Are Uber and Airbnb beating insurers?

The online disruptors of the business world are leaving the insurance world behind, according to one expert

Are Uber and Airbnb beating insurers?

Insurance News

By Lucy Hook

In a data-driven world, companies like Airbnb and Uber have revolutionized their respective industries through customer data and analytics, despite not owning traditional revenue-generating assets.

These disruptors use data to provide a level of personalization that means they can outdo their competitors – something the insurance world is failing to do, according to one expert.

“Companies like Airbnb and Uber are doing an exceptional job of offering products that directly respond to the needs of their individual customers, and not the mass market,” Tony Cid, global head of commercial insurance at Intellect SEEC, told Insurance Business.

But despite the clear business benefits, insurers are failing to utilize technology, Cid argued.

Much of the industry is still heavily reliant on paper and manual processes, resulting in “costly redundancies and lengthy customer on-boarding periods,” Cid said, but some of the newer players are more up to speed.

“Some start-ups are leveraging new technologies to make advancements in select industry segments, particularly in the personal auto and home lines, but the majority of legacy players and lines of business remain stuck in the status quo,” he explained.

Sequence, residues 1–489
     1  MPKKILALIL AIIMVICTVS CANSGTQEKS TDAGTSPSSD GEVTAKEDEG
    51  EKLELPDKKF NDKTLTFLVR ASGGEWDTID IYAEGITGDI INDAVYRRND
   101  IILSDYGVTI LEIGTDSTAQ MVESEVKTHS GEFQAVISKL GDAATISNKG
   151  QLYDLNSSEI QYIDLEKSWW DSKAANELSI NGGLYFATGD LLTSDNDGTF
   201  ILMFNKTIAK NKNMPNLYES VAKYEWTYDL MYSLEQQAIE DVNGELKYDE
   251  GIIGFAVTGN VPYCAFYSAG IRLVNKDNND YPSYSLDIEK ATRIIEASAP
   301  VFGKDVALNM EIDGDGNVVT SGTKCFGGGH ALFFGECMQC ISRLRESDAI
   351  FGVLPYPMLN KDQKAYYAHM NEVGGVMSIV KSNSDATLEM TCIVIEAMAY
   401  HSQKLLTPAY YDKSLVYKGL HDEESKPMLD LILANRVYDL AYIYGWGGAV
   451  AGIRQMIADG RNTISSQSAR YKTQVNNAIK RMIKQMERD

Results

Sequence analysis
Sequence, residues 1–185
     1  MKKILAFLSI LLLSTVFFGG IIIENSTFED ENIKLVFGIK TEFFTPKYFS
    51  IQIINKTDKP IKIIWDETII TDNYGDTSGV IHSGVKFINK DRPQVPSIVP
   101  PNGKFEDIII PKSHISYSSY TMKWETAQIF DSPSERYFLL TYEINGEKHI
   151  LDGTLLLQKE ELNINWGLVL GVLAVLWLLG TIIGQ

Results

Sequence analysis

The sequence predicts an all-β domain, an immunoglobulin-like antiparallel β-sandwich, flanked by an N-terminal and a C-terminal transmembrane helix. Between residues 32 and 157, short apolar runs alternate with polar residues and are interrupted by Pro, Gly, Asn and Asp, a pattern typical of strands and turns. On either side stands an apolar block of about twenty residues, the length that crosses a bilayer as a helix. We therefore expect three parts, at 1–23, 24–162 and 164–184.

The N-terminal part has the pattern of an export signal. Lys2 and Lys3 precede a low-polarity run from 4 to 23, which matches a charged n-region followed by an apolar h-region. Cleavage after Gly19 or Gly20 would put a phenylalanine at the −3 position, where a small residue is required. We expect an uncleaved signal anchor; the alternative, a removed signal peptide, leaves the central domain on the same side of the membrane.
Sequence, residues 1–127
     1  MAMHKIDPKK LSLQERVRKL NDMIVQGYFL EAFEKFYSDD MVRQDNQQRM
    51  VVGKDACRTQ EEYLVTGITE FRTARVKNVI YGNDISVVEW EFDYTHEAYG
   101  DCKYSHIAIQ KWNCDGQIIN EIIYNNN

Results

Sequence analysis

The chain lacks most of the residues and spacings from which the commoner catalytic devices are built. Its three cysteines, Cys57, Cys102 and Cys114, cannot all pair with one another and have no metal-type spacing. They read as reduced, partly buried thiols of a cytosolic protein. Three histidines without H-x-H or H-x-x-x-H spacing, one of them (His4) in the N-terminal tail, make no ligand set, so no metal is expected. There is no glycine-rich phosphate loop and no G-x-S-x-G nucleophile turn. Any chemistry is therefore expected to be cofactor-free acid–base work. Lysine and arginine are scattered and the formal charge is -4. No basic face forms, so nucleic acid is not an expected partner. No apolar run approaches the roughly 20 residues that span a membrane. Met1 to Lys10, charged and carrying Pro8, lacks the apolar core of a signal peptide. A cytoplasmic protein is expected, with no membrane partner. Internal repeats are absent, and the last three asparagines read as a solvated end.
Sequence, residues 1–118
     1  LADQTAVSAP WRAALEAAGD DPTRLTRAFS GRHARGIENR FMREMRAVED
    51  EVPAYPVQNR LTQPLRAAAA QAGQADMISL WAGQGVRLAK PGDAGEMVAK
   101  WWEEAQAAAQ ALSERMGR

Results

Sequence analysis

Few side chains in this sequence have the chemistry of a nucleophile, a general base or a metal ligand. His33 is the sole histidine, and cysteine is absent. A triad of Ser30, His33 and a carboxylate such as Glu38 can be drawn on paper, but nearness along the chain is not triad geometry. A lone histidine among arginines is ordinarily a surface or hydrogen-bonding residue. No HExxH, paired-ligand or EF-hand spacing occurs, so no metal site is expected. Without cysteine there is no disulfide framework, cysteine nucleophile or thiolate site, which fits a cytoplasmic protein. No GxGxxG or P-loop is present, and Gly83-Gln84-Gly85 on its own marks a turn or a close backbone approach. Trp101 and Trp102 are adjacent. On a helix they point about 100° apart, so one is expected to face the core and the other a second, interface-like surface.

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With insureds willing to pay a higher premium for better service, according to Cid, insurers would benefit from investing in new ventures.

“This is where technologies like artificial intelligence and machine learning can be a game changer. In a matter of seconds, these technologies can analyze mountains of data from various sources and enable carriers to make more informed decisions, in turn freeing up human capital to focus on higher-value tasks.”

And while there is fear within the broker community that technology may be a threat to jobs, Cid argued that the opposite is true.

“Technology can in fact empower agents and brokers to provide better counsel and serve as a trusted client partner,” he said. “It’s all about how they use it.”

“Like their carrier partners, agents and brokers still primarily rely on manual processes to search various sources for customer information. If effectively leveraged, agents and brokers can streamline this entire process through the use of technology.”

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